Monday, August 3, 2015

Ladle Loop, South Addison Maine

  Ladle is one of many appealing islands off the Maine coast.  Though access is not allowed, its high cliffs with golden lichen draw the eye and begged for closer examination.  Ladle is built the reverse of many islands on the Maine coast.  Most islands have their rockiest shores to the south-east, but on Ladle the cliffs face to the north, visible from just after our start at the South Addison launch.

  The South Addison launch was about half full when we arrived at 10AM on a Saturday.  There were several vehicles with trailers, including a commercial kayaking tour vehicle.  Our plan was to paddle around some islands then make it to the Cape Split causeway for the 12:15 high tide,  portage the narrow road to get back into Eastern Harbor, and return to the launch.

  On the way out of the harbor, we captured a decent picture of the ersatz lighthouse.

  Freed of the harbor, goal one was Ladle Island.  It's a short three-quarter mile crossing, and it seemed like most boat traffic preferred to stay outside the Ladle-Norton island area, perhaps because of the many ledges. None of the ragged cliff edges revealed paddle-able caves.

At the base of the northern cliffs
   But we did get to admire the golden lichen.

  The island looks more like a ladle from this angle (to the southeast).

  Many guillemots swam about the island; I have no doubt that several nest on Ladle.  One last picture of the east side.

  Then it was off to Norton and Eagle Islands. About halfway there we happened upon a jellyfish bloom.  I assume the moon jellies were torn on one or more of the many area ledges.

  Here I'm puttering by one ledge near Norton.  Our chart showed a day-marker warning of the outer edge of the ledges, but we weren't able to spot it.  Turns out our chart was out of date - it's been replaced by a nun buoy - which we did see.

  This is a nice picture of tiny Eagle Island, just north of Norton (left in the photo.)   As we paddled up to it, suitably enough, not just one, but two eagles flew in, paused in the trees for a second, then took off for another location.

  Lunch was on Sheep Island, owned by the Downeast Coastal Conservancy.  It is a lovely island, with a sandy shell-strewn beach, picnic table, fire pit and latrine.

Beach closeup

  We chose to eat at a shady spot on the beach, where diving terns kept us entertained as we ate.

  Another tern picture, this one with a young tern begging for food.

  The causeway crossing was fairly easy, although I did wind up slogging through some red seaweed.  A slightly lower tide, or not being there at precisely high might improve that, but I'm not sure how it would affect access to Eastern Harbor.  The whole northern quarter dries out by low...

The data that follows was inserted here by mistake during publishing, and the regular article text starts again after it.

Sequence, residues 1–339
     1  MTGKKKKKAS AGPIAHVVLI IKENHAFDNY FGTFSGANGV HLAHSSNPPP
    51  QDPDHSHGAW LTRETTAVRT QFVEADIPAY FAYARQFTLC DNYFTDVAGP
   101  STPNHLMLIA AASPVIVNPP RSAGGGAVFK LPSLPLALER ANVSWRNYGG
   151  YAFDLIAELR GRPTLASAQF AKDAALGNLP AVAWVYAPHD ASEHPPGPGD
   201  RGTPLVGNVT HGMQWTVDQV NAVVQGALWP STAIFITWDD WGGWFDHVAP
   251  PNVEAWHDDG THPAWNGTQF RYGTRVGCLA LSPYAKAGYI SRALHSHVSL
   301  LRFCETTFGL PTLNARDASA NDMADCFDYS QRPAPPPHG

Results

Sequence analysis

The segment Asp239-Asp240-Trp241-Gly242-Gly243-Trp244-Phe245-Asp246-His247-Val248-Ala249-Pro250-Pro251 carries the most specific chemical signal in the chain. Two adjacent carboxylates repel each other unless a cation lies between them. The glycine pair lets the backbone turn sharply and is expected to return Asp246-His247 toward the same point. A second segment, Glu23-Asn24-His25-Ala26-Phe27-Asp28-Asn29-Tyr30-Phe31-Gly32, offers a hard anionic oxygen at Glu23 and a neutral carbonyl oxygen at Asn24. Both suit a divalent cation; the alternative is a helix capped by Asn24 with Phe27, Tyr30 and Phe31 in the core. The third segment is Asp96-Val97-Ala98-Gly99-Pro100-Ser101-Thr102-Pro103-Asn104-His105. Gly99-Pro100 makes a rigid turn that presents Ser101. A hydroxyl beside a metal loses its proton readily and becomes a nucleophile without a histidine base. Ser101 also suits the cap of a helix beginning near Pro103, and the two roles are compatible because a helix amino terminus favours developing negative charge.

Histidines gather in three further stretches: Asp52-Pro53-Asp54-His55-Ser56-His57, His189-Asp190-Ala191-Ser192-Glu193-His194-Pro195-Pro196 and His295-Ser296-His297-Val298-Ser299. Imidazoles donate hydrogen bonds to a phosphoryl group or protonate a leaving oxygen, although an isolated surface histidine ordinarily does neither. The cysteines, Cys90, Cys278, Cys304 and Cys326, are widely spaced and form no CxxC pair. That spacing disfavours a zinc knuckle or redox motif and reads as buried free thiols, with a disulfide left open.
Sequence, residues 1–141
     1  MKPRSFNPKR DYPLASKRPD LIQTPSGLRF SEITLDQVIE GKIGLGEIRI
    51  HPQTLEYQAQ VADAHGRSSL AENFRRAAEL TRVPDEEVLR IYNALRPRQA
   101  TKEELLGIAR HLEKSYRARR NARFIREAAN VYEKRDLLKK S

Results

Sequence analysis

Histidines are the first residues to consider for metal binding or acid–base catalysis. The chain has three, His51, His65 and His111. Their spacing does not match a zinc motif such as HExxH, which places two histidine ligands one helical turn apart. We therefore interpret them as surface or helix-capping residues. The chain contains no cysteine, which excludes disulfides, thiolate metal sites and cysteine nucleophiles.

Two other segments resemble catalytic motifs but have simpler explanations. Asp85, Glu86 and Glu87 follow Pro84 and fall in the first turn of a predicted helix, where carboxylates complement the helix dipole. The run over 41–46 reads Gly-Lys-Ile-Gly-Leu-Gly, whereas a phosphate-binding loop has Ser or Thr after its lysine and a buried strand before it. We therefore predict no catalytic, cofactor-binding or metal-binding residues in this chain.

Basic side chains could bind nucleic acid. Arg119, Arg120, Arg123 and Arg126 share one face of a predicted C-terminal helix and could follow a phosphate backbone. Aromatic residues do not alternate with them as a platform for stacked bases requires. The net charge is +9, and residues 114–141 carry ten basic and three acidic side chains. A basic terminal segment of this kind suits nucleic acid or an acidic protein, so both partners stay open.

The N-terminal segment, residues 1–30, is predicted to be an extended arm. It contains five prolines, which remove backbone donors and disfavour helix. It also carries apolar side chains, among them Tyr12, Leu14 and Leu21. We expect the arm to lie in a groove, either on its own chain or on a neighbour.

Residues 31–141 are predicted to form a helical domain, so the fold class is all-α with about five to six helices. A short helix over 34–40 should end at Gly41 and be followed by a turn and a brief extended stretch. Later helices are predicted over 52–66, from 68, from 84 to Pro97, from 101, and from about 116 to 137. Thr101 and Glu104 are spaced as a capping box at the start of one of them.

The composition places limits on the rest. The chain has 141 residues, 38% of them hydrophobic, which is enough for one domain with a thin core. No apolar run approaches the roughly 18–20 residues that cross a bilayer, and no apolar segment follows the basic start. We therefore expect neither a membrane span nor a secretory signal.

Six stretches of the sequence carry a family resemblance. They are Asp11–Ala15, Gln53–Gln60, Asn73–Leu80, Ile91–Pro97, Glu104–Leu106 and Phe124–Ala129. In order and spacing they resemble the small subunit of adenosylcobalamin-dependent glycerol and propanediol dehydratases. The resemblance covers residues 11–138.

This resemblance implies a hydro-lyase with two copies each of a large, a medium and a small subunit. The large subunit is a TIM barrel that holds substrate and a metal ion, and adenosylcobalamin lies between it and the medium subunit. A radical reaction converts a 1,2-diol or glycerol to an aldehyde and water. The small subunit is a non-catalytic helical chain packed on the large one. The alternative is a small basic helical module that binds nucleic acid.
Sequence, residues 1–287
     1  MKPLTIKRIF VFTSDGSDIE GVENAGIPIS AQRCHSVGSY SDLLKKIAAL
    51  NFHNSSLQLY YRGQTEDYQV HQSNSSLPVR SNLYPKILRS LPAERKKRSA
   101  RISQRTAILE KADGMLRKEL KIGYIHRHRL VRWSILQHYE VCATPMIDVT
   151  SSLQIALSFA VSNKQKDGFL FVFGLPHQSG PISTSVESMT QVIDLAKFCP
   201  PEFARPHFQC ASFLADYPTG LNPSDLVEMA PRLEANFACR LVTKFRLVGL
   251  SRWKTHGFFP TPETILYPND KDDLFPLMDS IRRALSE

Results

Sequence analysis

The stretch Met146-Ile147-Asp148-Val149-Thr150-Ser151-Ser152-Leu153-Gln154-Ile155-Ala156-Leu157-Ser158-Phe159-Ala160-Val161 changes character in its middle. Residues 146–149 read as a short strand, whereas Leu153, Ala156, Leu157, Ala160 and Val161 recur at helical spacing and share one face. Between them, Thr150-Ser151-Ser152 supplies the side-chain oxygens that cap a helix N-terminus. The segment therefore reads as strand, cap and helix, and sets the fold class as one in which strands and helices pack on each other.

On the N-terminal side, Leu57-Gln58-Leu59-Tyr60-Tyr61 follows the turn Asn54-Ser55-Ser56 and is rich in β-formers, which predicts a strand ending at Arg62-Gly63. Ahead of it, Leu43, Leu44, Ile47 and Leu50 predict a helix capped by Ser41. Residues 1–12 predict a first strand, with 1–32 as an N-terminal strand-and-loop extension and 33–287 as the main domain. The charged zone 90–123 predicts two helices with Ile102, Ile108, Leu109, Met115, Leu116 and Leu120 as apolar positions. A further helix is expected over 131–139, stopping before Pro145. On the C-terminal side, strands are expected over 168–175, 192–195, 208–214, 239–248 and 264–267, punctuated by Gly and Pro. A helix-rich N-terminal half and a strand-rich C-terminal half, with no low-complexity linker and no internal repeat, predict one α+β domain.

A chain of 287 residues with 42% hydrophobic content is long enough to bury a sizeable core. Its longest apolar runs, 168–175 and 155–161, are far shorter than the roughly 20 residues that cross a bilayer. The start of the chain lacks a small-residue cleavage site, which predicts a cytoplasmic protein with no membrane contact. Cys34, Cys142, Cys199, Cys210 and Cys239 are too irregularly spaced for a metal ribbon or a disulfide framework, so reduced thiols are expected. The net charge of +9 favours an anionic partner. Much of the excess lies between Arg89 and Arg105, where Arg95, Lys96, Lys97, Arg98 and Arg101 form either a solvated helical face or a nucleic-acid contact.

Exploring the peaceful harbor waters

   These residents on Eastern Harbor believe in keeping life fun.

  As did several others! We counted nine kayaks in the harbor.  (Not that you need to kayak to enjoy life, but it certainly helps...)  We never did spot the commercial tour, so I assume they left Eastern Harbor to explore islands.
A close to full Eastern Harbor as viewed from the launch.

Summary:  Launch South Addison, lots of parking, all tide ramp.  No facilities.  High 12:15PM.  About 6 miles, start 10, finish about 1PM, one stop.


  1. Looks like a great loop to paddle and the beach on Sheep Island looks idyllic.

    1. It was a wonderful paddle, a new area for us with many discoveries. Sheep Island really seems like a great place to take a break or spend the day. I'm grateful that the Downeast Coastal Conservancy has opened it for public use.

  2. Loved the photos, especially of the lighthouse, the cliffs and the island's ladle shape! Did you have to be careful not to paddle up some jellies when you encountered them? Or did you just steer clear of them? And isn't it great when there's a public spot to get out, stretch and eat your lunch? Nice post!

    1. So far the moon jellies have been to slippery to stick to a paddle. We are careful as we go through them though.
      It's always nice to have a place to get out. Even nicer to find an island set up for picnicking the way Sheep Island is!

  3. Looks like a great paddle spot. Awesome pics! Cheers from Canada! Looking forward to fall paddling! Our summer weather up here has been nuts with wind and rain but we have learned to go out anyway :) We hope to catch up with you again for another awesome paddle or two sometime soon or next year.

    1. It is a lovely spot. We have been doing far less paddling this summer, but I hope to post another location soon.